Researchers at NIHR GSU prioritise emergency surgery guidelines

There was a packed schedule for day 2 at the NIHR Global Surgery Unit Research Prioritisation meeting in Accra, Ghana. The day opened with a site initiation visit for the Cheetah trial led by Senior Trial Manager, Donna Smith, and NIHR Clinician Scientist, Aneel Bhangu. Cheetah is the next trial to open in the surgical site infections work stream and will test whether a change of gloves and sterile surgical instruments at the point of closing the abdominal wall can reduce surgical site infections. Cheetah is a cluster randomised trial, meaning the hospital, rather than the individual patient, is randomised to receive either the intervention or standard care. The trial is ultimately aiming to recruit 12,800 patients across 60 clusters but will begin shortly with a pilot phase of 600 patients in 12 clusters.

The Cheetah session was followed by an update on the Penguin trial. Penguin will be the first trial in our peri-operative care work stream and will test if preoperative chlorhexidine mouthwash versus no mouthwash and  liberal versus restrictive oxygen during surgery can improve outcomes for patients undergoing high risk abdominal surgery in LMIC. Penguin is aiming to recruit 13,000 patients but, like Cheetah, will be begin with an initial 100 patient pilot phase.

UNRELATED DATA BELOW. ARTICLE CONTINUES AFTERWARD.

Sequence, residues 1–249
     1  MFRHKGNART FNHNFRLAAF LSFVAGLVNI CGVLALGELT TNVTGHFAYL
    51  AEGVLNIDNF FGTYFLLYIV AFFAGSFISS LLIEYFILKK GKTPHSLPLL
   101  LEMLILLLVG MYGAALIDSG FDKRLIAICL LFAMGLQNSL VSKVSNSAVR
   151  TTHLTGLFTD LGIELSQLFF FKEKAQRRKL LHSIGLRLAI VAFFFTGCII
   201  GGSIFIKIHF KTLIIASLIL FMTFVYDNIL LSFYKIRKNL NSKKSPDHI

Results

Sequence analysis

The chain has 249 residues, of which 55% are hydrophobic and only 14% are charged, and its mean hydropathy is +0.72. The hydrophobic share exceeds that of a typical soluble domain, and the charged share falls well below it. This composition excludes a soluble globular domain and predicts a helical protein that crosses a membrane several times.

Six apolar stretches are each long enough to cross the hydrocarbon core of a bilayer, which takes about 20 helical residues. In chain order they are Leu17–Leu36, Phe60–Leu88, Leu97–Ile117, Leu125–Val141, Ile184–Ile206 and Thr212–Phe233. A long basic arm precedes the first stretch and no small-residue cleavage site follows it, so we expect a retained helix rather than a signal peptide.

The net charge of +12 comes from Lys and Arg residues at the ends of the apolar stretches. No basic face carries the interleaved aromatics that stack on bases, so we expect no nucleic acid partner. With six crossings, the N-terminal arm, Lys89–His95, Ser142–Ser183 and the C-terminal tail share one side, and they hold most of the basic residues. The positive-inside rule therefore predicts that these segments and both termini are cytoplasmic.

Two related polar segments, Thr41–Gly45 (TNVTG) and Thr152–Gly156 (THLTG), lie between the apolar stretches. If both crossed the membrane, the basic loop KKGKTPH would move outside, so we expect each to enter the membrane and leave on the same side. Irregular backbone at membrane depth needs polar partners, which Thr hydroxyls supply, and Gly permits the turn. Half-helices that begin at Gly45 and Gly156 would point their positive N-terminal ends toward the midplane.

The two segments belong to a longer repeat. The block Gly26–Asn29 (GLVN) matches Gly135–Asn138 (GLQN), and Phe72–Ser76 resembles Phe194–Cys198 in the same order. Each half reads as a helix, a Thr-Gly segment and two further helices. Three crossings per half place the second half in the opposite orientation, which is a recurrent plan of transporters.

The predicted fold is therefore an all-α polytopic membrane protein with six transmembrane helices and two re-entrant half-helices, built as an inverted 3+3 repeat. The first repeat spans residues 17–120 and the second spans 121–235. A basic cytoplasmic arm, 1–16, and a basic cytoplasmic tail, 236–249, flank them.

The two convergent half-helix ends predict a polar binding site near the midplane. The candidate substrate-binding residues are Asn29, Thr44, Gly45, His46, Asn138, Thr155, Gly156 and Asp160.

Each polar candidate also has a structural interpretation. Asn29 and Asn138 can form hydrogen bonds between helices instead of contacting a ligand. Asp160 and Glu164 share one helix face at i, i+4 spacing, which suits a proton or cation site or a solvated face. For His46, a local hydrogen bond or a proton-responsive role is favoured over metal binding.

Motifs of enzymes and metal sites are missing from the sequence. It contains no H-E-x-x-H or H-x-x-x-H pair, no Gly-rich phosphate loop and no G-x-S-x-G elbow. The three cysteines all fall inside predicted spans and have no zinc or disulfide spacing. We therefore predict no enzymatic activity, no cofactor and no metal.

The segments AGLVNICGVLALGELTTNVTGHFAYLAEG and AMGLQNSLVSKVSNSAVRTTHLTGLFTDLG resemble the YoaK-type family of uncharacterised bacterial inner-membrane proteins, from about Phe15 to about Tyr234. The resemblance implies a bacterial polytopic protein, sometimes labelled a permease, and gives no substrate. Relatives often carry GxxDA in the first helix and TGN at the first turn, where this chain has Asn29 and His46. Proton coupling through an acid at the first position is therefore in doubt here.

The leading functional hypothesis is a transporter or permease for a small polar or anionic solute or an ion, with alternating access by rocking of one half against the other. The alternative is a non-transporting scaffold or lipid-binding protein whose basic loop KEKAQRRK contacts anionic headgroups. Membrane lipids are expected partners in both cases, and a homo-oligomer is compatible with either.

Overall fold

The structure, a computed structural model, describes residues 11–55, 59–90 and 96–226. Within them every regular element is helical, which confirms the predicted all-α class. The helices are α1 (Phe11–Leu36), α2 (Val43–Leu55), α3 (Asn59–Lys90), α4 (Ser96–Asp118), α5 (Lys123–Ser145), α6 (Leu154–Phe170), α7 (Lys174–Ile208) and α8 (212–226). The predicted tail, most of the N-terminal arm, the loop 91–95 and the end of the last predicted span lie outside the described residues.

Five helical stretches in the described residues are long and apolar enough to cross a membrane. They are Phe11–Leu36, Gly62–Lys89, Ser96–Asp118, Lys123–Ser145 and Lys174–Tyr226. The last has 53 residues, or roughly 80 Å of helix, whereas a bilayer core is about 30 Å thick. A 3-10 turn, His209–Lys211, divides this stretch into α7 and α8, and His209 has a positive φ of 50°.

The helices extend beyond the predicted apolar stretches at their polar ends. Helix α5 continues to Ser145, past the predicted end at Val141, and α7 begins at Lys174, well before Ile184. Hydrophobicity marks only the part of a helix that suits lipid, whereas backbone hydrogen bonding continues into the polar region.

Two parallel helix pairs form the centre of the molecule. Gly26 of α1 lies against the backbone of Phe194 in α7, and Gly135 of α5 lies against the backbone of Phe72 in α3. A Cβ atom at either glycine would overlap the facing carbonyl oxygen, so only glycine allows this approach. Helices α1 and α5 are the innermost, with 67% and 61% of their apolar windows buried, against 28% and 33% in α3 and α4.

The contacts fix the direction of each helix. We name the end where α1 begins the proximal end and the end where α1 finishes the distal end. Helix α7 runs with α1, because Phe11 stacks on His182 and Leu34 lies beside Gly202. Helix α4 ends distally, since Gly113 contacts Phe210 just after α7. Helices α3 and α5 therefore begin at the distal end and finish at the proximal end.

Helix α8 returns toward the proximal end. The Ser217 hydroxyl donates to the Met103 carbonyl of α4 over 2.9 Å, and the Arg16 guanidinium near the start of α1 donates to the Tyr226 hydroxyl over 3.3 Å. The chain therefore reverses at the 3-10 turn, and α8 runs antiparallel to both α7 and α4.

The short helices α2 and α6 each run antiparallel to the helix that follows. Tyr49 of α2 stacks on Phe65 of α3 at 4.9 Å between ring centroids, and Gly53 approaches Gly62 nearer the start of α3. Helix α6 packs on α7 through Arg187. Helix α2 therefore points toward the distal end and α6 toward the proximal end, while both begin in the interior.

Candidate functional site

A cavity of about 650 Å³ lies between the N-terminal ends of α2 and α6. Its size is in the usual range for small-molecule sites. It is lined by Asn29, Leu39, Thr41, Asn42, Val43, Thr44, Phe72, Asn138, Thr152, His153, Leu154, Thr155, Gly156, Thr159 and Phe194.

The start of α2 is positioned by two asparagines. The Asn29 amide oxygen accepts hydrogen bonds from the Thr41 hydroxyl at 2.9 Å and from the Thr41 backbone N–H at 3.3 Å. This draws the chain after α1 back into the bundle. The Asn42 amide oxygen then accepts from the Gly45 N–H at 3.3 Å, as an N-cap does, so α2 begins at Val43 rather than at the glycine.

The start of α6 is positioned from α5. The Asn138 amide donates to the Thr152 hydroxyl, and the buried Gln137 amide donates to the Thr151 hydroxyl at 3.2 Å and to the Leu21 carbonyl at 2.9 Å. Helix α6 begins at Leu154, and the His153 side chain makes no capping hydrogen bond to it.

Following the trial updates, delegates at the meeting continued the process of developing a set of emergency surgical guidelines which was begun by an online Delphi exercise before the meeting. Using live mobile phone voting, delegates were ask to agree or disagree with proposed guidelines. These results will now be processes and analysed and an NIHR Global Surgery Unit set of guidelines for use in emergency surgical patients will be drafted.

The afternoon continued by an update from the Access to Surgical Care team and their work on the provision of ambulance transfers to hospital before a session on the education and training activities of the NIHR GSU described by Dr Katie Shaw, Chair of the NIHR Education and Training Committee.

Lord Bernard Riberio opened the final session of the afternoon by offering words of support to the gathered delegates on the future of the Global Surgery Unit before we closed with an inspiring look at the interactive GLOPOD website designed by research fe